Rainbow pride flags fly outside the Stonewall Inn as crowds begin to gather to celebrate Pride Month in New York City. (Spencer Platt/Getty Images)
Rainbow pride flags fly outside the Stonewall Inn as crowds begin to gather to celebrate Pride Month in New York City. (Spencer Platt/Getty Images)

"It was one of the first times that the gays ... felt as though they were no longer subhuman. They felt that they should be respected, and they had rights," Glass says. "For a long time, certainly from my perspective, being the time that I had been out in gay life, the attitude was pretty much you didn't have any rights. So you just had to go along and comply with whatever was the order of the day."

"Folks began to feel as though when they come together, they had power, and that power was evident at Stonewall," he says.

Interview Highlights

On being in New York when the riots took place

Charles Evans: "I was raised down South by my aunt, so I was up visiting my parents for the summer, and as usual, you just hang out. It was one of those days I wanted to go out, and I ended up going to the Village, and there was this club called the Bon Soir that I would always frequent. And then it just happened to be that Friday after leaving the club, I came down West 4th Street, and as I approached West 4th Street, I saw a crowd. Normally after we left the club, we always go to Sheridan Square and just hang out, because young kids — like I said I was … between my freshman and sophomore year in college — so we just went to hang out. And as we get close to Sheridan Square, we saw this crowd.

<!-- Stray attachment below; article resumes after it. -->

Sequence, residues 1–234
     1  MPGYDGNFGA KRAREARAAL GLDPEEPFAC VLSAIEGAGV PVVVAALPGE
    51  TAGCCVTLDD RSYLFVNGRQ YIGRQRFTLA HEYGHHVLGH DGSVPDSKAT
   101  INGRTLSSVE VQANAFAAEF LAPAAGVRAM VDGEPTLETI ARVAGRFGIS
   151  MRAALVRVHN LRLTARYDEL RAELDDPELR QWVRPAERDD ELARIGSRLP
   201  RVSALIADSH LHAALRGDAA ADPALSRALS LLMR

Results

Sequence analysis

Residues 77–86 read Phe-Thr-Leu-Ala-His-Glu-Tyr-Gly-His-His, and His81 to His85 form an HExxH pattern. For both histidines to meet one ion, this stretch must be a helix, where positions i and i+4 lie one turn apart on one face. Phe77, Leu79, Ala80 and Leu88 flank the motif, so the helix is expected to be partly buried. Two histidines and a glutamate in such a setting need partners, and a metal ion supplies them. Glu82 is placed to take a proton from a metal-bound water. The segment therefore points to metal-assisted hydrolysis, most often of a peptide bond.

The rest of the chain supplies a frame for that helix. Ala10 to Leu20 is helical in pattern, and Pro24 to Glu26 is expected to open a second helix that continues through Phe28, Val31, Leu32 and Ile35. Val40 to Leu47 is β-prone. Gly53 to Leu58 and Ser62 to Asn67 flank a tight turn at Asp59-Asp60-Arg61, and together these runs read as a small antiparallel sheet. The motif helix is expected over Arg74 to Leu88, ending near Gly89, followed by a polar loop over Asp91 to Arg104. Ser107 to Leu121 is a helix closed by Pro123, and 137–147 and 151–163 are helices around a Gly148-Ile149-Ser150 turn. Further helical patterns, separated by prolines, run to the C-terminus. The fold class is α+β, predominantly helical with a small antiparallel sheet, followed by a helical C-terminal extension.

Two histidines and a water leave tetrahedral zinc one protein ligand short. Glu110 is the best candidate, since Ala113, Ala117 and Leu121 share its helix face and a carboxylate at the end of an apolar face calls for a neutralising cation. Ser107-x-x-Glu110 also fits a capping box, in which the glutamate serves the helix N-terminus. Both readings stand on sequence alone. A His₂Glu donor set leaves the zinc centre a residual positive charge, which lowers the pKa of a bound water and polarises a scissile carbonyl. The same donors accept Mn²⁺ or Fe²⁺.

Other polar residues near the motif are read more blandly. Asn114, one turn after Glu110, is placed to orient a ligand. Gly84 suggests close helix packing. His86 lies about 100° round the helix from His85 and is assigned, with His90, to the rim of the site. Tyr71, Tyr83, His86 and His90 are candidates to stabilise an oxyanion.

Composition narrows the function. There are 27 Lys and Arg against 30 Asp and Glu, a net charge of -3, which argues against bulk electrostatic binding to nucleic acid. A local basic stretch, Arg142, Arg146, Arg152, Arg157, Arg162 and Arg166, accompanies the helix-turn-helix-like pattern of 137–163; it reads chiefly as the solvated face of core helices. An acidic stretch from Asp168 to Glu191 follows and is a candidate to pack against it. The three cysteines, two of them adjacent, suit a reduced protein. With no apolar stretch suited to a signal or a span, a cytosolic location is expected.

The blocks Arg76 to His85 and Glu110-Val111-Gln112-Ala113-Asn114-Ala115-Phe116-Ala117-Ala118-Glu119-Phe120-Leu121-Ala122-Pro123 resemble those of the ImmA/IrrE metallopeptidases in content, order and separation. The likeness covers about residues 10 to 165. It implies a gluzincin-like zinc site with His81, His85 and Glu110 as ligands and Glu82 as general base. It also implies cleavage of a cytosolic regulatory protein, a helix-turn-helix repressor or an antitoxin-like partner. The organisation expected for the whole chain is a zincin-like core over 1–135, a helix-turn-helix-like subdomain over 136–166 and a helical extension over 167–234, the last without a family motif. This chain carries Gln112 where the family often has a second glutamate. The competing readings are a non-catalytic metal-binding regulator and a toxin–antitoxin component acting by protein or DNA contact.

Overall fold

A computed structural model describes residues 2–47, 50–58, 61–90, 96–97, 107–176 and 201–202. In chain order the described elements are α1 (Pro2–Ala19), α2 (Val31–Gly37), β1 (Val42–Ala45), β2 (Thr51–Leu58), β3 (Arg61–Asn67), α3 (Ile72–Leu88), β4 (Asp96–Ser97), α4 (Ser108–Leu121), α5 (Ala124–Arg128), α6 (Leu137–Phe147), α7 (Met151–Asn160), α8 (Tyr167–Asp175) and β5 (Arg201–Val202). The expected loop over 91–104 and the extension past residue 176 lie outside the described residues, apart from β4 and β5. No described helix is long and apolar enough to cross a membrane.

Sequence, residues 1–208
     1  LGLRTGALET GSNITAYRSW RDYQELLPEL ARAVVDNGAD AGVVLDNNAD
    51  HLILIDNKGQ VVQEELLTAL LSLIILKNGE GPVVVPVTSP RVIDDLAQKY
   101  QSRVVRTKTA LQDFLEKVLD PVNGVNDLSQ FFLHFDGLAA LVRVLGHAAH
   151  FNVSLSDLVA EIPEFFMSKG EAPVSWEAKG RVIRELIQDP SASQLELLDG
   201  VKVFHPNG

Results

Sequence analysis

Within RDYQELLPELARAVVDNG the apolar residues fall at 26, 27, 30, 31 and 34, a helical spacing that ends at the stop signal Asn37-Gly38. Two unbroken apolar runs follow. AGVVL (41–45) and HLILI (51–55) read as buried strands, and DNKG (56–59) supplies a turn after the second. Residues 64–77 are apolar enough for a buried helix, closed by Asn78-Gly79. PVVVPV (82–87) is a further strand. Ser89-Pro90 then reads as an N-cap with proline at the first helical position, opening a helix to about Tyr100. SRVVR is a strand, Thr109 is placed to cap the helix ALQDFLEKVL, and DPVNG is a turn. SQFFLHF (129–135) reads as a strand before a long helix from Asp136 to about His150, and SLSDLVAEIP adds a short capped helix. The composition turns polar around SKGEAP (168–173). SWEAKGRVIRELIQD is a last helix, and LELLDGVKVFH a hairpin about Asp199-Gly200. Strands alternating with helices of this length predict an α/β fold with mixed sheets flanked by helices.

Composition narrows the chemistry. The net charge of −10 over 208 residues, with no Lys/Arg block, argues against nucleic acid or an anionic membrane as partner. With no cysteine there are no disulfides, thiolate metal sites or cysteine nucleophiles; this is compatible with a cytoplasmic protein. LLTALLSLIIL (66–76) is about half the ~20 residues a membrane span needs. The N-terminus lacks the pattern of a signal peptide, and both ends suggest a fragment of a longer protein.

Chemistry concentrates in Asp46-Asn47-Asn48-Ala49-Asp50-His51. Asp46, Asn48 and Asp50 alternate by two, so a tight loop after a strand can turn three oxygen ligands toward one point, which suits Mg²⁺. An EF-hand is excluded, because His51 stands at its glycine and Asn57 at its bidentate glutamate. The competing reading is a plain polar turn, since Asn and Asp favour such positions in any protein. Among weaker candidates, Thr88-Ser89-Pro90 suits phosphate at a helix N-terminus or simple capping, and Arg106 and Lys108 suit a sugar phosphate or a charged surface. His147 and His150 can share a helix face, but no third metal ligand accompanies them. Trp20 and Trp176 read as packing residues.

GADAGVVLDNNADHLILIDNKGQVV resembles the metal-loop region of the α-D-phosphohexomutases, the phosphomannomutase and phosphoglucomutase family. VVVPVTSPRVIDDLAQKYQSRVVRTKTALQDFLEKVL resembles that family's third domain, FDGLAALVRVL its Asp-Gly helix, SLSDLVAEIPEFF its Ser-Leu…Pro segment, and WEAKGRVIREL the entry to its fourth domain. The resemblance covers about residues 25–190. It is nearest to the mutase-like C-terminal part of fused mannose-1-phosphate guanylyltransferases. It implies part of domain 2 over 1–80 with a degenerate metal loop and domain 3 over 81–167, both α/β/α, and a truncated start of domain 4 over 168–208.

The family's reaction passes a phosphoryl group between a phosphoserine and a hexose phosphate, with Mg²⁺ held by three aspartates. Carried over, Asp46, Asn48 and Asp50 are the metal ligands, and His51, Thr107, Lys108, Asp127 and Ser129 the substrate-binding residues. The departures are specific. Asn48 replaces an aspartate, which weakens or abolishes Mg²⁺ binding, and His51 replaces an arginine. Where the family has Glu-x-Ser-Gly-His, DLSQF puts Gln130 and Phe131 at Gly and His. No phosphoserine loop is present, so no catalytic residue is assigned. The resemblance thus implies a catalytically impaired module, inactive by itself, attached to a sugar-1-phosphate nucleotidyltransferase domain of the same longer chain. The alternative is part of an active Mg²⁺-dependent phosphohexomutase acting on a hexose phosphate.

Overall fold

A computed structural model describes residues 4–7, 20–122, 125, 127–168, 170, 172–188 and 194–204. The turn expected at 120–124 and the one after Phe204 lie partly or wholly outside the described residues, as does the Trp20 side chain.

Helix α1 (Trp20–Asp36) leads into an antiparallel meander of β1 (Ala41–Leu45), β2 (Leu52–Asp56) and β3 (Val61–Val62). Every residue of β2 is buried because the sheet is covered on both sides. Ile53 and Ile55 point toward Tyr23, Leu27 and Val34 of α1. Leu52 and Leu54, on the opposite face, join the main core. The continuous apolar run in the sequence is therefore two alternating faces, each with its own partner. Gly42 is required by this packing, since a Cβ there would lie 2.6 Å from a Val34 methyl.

"And next thing we knew, we were joining into the crowd. Now to others, it was kind of interesting because I was still in a riot mode, because the month before we had had a big riot at my college. And I guess by getting into this crowd, it just made the adrenaline even higher. And the next thing I know, it's 50 years later and here we are."

On if they felt worried for their safety